Our project is aimed to: i) dissect the mechanism(s) used by RAGE to sustain cachexia in tumor, immune and muscle components; ii) investigate the effects of FPS-ZM1 (RAGE inhibitor) or pentamidine (S100B inhibitor) in comparison with glucocorticoids or ghrelin treatment or physical exercise, in adult, aged and under-chemotherapy tumor-bearing mice; iii) establish a correlation between preclinical models of cachexia and cachectic patients with respect to muscle RAGE and serum levels of RAGE ligands.
We expect: i) to identify the mechanism(s) through which RAGE sustains cachexia and in which component(s) (muscular or non-muscular); ii) that inactivation of RAGE using FPS-ZM1 and/or pentamidine reduces systemic inflammation and favours the maintenance of muscle mass and functionality in cancer conditions, even under chemotherapy treatment or during aging; and iii) to find a positive correlation between the severity of cachexia, RAGE expression in muscles and the serum levels of RAGE ligands in preclinical models and in cancer patients.
Pharmacological inhibition of RAGE activity might represent a promising approach to counteract muscle wasting in cancer conditions, and might be used as an exercise-mimetics in cachectic patients with elevated muscle weakness.
RAGE, sRAGE and/or RAGE ligands might represent potential biomarkers to monitor the cachectic stage and the efficacy of anti-cachectic treatments, which is of great importance as reliable biomarkers of cachexia are still lacking.
Use of microencapsulated Sertoli cells in Duchenne muscular dystrophy. Towards an application to human patients
Granted by Parent Project Onlus, Italy
Duchenne muscular dystrophy (DMD) is an X-linked disease due to lack of dystrophin, leading to progressive muscle degeneration, impaired locomotion and premature death. Persistent muscle degeneration is associated with a condition of chronic inflammation causing muscle necrosis and fibrosis.
Sertoli cells (SeC) have the ability to produce immunomodulatory and trophic factors. SeC have been long used to create an ectopic immune-privileged environment to prolong survival of co-transplanted cells. Encapsulation has represented an improvement for the use of SeC.
We reported that a single intraperitoneal injection of microencapsulated SeC (SeC-MC) is beneficial to dystrophic mdx mice. Injected SeC-MC behave as a drug-delivery system secreting factors that reach muscle tissue through the circulation, where reduce the inflammation and induce the expression of the dystrophin paralogue, utrophin, leading to rescue of muscle morphology and performance.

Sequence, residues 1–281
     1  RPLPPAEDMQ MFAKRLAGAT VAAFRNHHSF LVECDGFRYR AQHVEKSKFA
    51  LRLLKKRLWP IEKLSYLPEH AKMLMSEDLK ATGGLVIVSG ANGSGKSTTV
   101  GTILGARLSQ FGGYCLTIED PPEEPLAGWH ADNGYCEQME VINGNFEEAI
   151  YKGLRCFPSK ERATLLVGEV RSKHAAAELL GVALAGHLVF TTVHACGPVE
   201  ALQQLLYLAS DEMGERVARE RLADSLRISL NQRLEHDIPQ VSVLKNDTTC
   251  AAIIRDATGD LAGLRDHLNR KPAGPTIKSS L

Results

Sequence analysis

Although this novel therapeutic approach to DMD has translational potential (SeC are isolated from specific pathogens-free pigs, encapsulated in clinical grade alginate, injected with non-invasive procedure, and without any immunosuppression), further aspects need to be investigated that is the aim of this project: i) SeC-MC dose-response; ii) effects of SeC on canine and human dystrophic myoblasts in vitro; iii) morphology of SeC inside the microcapsules over time; iv) the role of SeC in inflammation using utrophin-deficient mdx (mdx/Utrn-/-) mice; and v) the safety of SeC treatment by the use of experimental models of infection and cancer.
The results will give us important information about SeC biology necessary in view of their possible application to DMD patients.
Multidisciplinary approach to the analysis of the functional alterations induced by microgravity in human satellite cells, and study of possible countermeasures
Granted by ASI (Italian Space Agency)
Long-time exposure to microgravity induces alteration of homeostasis in organs and tissues including skeletal muscles, which undergo atrophy with loss of mass and strength due to loss of muscle fibers and alteration of their composition. Particularly for long time flights such condition is of paramount relevance. Investigating the molecular mechanisms of muscle atrophy induced by microgravity is essential for establishing clinical approach/intervention.